Being a teenager can be tough. There are changes taking place in your body and brain that can affect how you learn, think, and behave. And if you are facing tough or stressful situations, it is normal to have emotional ups and downs.
But if you have been overwhelmingly sad for a long time (a few weeks to months) and you’re not able to concentrate or do the things you usually enjoy, you may want to talk to a trusted adult about depression.
What Is Depression?
Depression (major depressive disorder) is a medical illness that can interfere with your ability to handle your daily activities, such as sleeping, eating, or managing your school work. Depression is common but that doesn’t mean it isn’t serious. Treatment may be needed for someone to feel better. Depression can happen at any age, but often symptoms begin in the teens or early 20s or 30s. It can occur along with other mental disorders, substance abuse, and other health conditions.
Why can’t you just ‘snap out’ of depression?
Well-meaning friends or family members may try to tell someone with depression to “snap out of it,” “just be positive,” or “you can be happier if you just try harder.” But depression is not a sign of weakness or a character flaw. Most people with depression need treatment to get better.
What Are the Signs and Symptoms of Depression?
Sadness is something we all experience. It is a normal reaction to a loss or a setback, but it usually passes with a little time. Depression is different.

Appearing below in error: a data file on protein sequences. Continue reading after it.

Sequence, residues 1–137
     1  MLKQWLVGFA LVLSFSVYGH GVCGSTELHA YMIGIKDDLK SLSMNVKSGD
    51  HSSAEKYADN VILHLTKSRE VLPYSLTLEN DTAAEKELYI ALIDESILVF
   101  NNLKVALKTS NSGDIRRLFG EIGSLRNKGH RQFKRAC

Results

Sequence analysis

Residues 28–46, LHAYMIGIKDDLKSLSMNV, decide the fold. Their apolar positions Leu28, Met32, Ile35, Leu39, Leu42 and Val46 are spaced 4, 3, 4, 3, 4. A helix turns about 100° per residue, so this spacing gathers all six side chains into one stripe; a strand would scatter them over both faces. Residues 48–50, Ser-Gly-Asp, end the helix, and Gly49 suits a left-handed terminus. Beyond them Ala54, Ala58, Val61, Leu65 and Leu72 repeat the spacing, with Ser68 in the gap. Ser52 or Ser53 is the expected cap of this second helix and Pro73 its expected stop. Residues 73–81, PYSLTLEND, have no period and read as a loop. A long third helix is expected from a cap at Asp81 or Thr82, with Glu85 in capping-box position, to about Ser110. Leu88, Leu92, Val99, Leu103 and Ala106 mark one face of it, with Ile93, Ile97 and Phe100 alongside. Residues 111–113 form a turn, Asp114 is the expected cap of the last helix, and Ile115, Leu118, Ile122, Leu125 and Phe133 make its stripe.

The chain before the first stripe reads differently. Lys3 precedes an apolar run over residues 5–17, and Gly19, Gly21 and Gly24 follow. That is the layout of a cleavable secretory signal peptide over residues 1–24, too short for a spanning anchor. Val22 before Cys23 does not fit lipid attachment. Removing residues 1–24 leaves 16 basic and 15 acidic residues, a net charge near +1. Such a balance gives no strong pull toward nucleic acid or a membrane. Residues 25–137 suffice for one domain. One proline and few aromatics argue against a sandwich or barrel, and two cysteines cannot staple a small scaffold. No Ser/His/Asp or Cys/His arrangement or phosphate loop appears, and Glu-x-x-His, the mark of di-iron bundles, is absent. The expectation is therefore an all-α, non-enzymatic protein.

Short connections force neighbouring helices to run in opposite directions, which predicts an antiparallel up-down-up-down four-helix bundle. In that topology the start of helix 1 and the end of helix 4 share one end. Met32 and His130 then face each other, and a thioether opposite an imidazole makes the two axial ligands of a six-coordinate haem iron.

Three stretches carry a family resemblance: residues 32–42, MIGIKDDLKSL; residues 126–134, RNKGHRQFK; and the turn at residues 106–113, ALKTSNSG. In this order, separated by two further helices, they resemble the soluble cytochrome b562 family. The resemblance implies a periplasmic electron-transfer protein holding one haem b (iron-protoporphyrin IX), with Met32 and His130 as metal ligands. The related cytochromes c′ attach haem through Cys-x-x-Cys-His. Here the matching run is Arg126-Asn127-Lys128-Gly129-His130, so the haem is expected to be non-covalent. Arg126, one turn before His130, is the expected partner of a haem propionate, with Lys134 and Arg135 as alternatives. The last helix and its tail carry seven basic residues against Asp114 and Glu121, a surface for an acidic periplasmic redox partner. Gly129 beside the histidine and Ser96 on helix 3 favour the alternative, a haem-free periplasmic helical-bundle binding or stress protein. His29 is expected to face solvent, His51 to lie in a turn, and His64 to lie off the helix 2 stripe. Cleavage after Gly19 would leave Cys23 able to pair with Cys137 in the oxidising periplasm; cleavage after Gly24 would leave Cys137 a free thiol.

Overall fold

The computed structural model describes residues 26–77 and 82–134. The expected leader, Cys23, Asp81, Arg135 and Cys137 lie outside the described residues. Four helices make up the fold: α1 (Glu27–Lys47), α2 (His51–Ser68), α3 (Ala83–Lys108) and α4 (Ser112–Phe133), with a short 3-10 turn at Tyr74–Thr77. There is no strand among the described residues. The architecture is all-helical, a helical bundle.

If you are wondering if you may have depression, ask yourself these questions:
- Do you constantly feel sad, anxious, or even “empty,” like you feel nothing?
- Do you feel hopeless or like everything is going wrong?
- Do you feel like you’re worthless or helpless? Do you feel guilty about things?
- Do you feel irritable much of the time?
- Do you find yourself spending more time alone and withdrawing from friends and family?
- Are your grades dropping?
- Have you lost interest or pleasure in activities and hobbies that you used to enjoy?
- Have your eating or sleeping habits changed (eating or sleeping more than usual or less than usual)?
- Do you always feel tired? Like you have less energy than normal or no energy at all?
- Do you feel restless or have trouble sitting still?
- Do you feel like you have trouble concentrating, remembering information, or making decisions?
- Do you have aches or pains, headaches, cramps, or stomach problems without a clear cause?
- Do you ever think about dying or suicide? Have you ever tried to harm yourself?
What Should I Do If I am Considering Suicide or Harming Myself?
If you are in crisis and need help, call this toll-free number for the National Suicide Prevention Lifeline (NSPL), available 24 hours a day, every day: 1-800-273-TALK (8255). The service is available to everyone. The deaf and hard of hearing can contact the Lifeline via TTY at 1-800-799-4889. All calls are confidential. You can also visit the Lifeline’s website at www.suicidepreventionlifeline.org.
The Crisis Text Line is another free, confidential resource available 24 hours a day, seven days a week. Text “HOME” to 741741 and a trained crisis counselor will respond to you with support and information over text message. Visit www.crisistextline.org.
Not everyone with depression experiences every symptom. Some people experience only a few symptoms. Others may have many. The symptoms and how long they last will vary from person to person.